This a follow up post to last week’s “High Value (and Cost) of Patents”, which you can read here.
Another reason patents can be expensive is that they require a lot of one-on-one time with the patent attorney. A good patent attorney is going to work with the inventor every step of the way. It is not like you are going to submit a form and the patent attorney does the rest. It is a back‑and‑forth process. The attorney will draft the patent and send it to the client with questions since the attorney will not understand the invention as much as the client does. The draft will be edited and revised several times. Due to the complicated nature, many drafts will be necessary with the inventor adding, deleting, modifying, and correcting the drafts.
A good patent attorney is going to work with the inventor every step of the way.
Once it is completed, the patent application is filed. At least a year or a year and a half will have passed, at which time, an “Office Action” will be issued. An Office Action is a rejection in which the Patent Office states the reasons for the rejection, which may be obvious in light of other inventions or could be the same as another invention. At that time, the inventor is given a period of time to respond to the Office Action. Almost every patent is initially rejected with an Office Action. This is another part of the patent process than can be rather costly.
How is your patent different?
The Patent Office will give you a list of patents and you have to argue with the examiner exactly how your invention is different than the existing prior art. Throughout that process, you can receive more than one Office Action. The downside is that your patent may become a more narrow with each Office Action. That means you may be adding claims each time in order to narrow your invention so it doesn’t infringe on someone else’s patent. It is a difficult process working with the patent examiners in order to explain to them and make them understand how exactly your invention is different than existing patents. I have seen a lot of people lose claims which I thought they should have been able to keep, essentially because the examiner at the USPTO did not understand what the inventor was talking about. It is a very complicated process, and a good practitioner will be able to communicate with the examiner and hopefully help the examiner understand what they are trying to get and why their invention is not infringing on another invention.
Why a patent is well worth the investment
While the initial cost of patents may seem high, you can always find news reports in which a company has been sued for patent infringement, and you will see that it is worth the cost to obtain a patent in many situations. You will see large companies like Apple being sued for patent infringement, even though they have teams of specialized patent attorneys who only work software, semiconductors, etc. Even they sometimes infringe on other people’s patents. And we are talking about hundreds of millions, if not billions, of dollars in some of these cases. Obviously, a small inventor, especially here in New Mexico, is not necessarily going to be dealing with lawsuits of that nature, but you never know. If you are a company that is creating some kind of small mechanical device, you do not know what that mechanical device could be infringing. For example, a car would not be patented, but there are dozens, if not hundreds or thousands, of individual patents on each component of the car. It could be anything from the mechanism in the latch of the door to the air conditioning control system to a regulator on the engine.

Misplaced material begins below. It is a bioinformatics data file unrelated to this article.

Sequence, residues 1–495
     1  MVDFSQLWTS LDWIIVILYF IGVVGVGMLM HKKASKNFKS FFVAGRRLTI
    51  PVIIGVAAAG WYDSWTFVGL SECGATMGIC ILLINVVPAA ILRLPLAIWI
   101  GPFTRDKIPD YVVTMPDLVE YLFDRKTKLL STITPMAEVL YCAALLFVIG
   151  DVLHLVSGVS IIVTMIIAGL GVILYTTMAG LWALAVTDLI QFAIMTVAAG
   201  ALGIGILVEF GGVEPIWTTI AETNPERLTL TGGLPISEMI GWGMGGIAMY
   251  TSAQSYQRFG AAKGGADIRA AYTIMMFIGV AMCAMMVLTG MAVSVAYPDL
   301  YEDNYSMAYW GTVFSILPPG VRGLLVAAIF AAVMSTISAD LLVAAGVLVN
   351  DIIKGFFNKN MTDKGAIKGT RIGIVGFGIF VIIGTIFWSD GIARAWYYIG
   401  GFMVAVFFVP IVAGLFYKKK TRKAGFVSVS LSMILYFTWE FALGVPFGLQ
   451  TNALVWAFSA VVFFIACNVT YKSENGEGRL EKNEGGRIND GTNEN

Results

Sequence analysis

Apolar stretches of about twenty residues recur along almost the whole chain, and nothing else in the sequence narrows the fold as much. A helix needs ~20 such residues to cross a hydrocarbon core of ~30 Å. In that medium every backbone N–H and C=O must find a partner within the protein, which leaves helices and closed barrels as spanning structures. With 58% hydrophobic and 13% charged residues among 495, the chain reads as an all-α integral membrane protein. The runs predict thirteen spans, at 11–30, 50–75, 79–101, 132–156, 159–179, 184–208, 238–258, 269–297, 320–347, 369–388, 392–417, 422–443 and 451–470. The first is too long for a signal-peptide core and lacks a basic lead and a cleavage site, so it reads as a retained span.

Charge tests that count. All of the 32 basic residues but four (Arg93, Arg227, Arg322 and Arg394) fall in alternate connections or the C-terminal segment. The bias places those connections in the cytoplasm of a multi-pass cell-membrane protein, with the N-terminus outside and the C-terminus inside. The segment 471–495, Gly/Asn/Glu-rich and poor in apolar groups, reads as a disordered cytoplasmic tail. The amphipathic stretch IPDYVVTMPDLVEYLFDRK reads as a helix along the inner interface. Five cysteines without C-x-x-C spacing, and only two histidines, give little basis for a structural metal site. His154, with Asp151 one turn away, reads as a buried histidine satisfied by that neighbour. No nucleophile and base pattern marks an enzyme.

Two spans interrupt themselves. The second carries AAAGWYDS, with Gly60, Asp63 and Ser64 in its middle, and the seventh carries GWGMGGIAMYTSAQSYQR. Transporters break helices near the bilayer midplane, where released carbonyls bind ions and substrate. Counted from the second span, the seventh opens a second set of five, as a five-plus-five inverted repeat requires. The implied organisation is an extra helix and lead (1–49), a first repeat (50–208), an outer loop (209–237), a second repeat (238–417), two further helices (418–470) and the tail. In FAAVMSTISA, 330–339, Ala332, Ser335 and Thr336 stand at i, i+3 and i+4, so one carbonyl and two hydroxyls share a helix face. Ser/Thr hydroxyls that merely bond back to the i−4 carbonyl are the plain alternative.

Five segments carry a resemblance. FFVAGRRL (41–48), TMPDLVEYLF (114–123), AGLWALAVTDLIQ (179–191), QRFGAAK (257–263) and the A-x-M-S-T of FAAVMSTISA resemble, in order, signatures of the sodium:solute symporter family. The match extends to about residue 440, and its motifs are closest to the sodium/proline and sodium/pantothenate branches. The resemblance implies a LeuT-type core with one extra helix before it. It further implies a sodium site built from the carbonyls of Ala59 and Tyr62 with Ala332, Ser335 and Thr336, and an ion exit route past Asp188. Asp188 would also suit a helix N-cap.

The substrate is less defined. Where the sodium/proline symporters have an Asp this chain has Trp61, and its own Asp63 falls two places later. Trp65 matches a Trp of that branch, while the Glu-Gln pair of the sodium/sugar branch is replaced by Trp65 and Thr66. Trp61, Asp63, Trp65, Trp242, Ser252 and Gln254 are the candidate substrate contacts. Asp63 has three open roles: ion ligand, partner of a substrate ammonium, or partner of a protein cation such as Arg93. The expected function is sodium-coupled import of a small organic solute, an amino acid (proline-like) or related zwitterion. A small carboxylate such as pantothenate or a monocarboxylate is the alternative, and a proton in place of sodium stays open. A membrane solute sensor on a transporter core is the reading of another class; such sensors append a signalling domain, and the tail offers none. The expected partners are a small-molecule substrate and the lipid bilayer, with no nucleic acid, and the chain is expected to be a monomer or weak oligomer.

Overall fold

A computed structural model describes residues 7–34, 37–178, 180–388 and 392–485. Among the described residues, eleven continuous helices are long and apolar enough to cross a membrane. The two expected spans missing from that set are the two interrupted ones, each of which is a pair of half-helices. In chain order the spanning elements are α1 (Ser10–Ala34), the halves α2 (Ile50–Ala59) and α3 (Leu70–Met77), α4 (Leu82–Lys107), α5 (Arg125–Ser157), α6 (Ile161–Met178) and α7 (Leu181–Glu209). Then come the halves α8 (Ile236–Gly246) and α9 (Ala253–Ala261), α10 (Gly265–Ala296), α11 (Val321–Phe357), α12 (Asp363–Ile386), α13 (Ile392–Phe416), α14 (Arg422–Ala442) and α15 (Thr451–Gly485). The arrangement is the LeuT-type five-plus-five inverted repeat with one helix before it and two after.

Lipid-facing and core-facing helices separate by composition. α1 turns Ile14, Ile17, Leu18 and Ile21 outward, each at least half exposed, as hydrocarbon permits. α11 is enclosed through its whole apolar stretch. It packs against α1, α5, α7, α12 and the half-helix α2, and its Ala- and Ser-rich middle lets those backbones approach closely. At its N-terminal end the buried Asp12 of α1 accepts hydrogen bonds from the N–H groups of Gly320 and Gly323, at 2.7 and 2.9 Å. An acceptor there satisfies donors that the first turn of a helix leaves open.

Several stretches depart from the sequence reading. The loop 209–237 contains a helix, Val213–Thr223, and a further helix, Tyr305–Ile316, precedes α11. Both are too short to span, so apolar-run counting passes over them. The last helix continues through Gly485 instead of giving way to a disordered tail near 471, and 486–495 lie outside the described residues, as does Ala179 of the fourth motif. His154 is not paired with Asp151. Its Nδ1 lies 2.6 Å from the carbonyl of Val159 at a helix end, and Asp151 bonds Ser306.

So an inventor could have an invention on a small item that he or she thinks nobody else has, but that individual item could infringe on an existing patent that was not foreseen, such as a single item in a car, resulting in a lawsuit by the car manufacturer. Some very big verdicts are coming out of patent infringement lawsuits. Large companies take these cases very seriously and, even if you are found to be innocent of patent infringement, patent litigation can cost you hundreds of thousands of dollars to defend. Most small businesses are not going to have the money to fight such a lawsuit. Therefore, you really want to do your homework up front to ensure that your invention will not infringe on another’s invention. At the very least, even if a company decides not to patent its product, a prior art search is necessary to ensure that the product will not infringe on another’s patent. Consequently, all companies that have any kind of invention should consider patenting it. As I said though, it is definitely worth the cost to safeguard your invention, and it adds tremendous value to your company.
Should you attempt to write your own Patent?
Lets talk about that next week in a follow up post. If you are itching to get started on a patent of your own, please feel free to contact Kameron Kramer at (505) 246-2880 or email him through our Contact Us page.